Iraqis are still being held illegally at a Baghdad prison that the government was supposed to have shut down in 2011 after allegations that detainees were tortured and abused there, Human Rights Watch said Tuesday.
The report by the New York-based rights group raises fresh concerns about the government's treatment of detainees after Iraqi authorities took over the country's prison system following the departure of U.S. troops last December.
Iraq's Human Rights Ministry has denied the Human Rights Watch claim as inaccurate, saying the detention center in question, known by its former U.S. military designation as Camp Honor, was shuttered more than a year ago.
The prison is located inside the Green Zone in central Baghdad, which also houses government offices and foreign embassies.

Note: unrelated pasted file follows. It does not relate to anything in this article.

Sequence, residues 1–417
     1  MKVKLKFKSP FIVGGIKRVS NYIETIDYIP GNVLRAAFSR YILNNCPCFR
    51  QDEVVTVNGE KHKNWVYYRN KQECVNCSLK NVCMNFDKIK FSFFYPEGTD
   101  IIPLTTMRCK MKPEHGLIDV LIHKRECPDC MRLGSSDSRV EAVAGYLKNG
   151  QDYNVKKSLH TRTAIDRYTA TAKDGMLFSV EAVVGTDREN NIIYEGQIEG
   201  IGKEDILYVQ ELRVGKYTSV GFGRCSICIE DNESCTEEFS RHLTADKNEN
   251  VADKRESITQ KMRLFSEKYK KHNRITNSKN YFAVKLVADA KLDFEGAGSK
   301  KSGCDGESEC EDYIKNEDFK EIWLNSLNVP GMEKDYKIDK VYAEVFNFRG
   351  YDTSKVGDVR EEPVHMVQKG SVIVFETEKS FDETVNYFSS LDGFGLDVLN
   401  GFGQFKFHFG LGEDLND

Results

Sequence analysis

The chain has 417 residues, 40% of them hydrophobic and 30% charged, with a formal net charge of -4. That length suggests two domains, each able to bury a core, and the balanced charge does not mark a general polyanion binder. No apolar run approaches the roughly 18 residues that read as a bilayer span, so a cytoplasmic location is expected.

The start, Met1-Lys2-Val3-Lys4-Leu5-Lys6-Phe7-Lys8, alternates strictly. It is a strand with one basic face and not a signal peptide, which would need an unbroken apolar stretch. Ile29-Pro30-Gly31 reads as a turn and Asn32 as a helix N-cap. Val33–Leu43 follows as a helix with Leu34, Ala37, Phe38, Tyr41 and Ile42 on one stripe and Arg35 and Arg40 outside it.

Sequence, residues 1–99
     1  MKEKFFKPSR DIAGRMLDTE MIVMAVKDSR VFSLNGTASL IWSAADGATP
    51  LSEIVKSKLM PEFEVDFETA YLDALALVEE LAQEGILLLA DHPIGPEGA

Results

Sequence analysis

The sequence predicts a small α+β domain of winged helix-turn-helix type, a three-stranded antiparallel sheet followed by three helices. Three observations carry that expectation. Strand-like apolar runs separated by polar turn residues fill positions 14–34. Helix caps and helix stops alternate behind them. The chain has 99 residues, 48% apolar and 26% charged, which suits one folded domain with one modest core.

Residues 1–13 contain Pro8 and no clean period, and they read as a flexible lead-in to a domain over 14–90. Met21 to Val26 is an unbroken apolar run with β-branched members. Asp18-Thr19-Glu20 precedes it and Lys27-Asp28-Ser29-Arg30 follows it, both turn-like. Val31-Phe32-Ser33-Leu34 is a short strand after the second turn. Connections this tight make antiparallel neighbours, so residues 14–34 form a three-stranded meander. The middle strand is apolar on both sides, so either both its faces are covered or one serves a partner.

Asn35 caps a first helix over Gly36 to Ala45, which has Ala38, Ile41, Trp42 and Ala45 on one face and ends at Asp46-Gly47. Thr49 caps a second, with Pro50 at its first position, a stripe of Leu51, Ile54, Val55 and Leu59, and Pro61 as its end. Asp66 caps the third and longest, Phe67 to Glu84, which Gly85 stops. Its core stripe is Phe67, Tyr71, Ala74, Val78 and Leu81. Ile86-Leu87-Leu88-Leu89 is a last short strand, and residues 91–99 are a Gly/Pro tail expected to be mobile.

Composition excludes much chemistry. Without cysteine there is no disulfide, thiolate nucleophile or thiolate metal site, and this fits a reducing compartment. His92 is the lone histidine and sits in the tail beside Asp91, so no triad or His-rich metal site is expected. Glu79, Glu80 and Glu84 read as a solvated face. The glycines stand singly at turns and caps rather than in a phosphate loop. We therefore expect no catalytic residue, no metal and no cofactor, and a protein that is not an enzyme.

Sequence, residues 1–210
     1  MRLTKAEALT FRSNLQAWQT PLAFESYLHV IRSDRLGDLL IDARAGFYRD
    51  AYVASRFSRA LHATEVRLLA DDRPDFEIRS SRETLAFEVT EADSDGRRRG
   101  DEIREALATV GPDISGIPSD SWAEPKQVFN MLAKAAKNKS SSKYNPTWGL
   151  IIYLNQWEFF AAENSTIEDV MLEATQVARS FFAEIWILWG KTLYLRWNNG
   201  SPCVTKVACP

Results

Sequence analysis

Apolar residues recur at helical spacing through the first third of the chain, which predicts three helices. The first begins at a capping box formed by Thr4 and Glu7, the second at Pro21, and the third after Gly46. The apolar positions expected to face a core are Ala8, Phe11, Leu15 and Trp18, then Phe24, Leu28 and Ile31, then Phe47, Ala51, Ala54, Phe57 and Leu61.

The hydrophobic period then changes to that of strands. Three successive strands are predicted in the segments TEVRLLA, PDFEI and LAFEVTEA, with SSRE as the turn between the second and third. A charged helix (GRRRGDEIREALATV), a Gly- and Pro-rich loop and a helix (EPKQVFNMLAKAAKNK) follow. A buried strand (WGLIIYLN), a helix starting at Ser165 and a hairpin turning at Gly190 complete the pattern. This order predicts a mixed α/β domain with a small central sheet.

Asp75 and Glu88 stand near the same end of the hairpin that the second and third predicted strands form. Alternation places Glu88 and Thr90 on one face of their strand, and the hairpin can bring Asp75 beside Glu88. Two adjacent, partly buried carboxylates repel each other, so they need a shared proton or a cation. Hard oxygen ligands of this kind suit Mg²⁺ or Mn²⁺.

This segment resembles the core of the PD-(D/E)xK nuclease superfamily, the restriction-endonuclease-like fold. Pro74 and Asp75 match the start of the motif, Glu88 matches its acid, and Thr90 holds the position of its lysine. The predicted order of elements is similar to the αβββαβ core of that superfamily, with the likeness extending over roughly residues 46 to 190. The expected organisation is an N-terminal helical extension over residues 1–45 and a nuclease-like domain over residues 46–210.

The HRW report was based on interviews with 35 former detainees and their relatives and lawyers, as well as government officials who described ongoing interrogations at Camp Honor.
"Iraqi security forces are grabbing people outside of the law, without trial or known charges, and hiding them away in incommunicado sites," said Joe Stork, Human Rights Watch's deputy Middle East director.
He called on Iraqi authorities to immediately release names of all detainees and where they are being held, and to release those who have not been formally charged.
Asked for comment, Human Rights Ministry spokesman Kamil Amin said Camp Honor "was closed more than a year ago."
"All inmates were transferred to other prisons," Amin said. "We are confident that Camp Honor is not in use."
He denied that the government is running secret jails, and said all arrests and detentions follow legal standards.
The report said elite Iraqi troops controlled by Prime Minister Nouri al-Maliki are running two more secret jails in Baghdad where detainees are interrogated by judicial investigators.
The rights group also said it is withholding the identities of the people who were interviewed out of concern for their safety.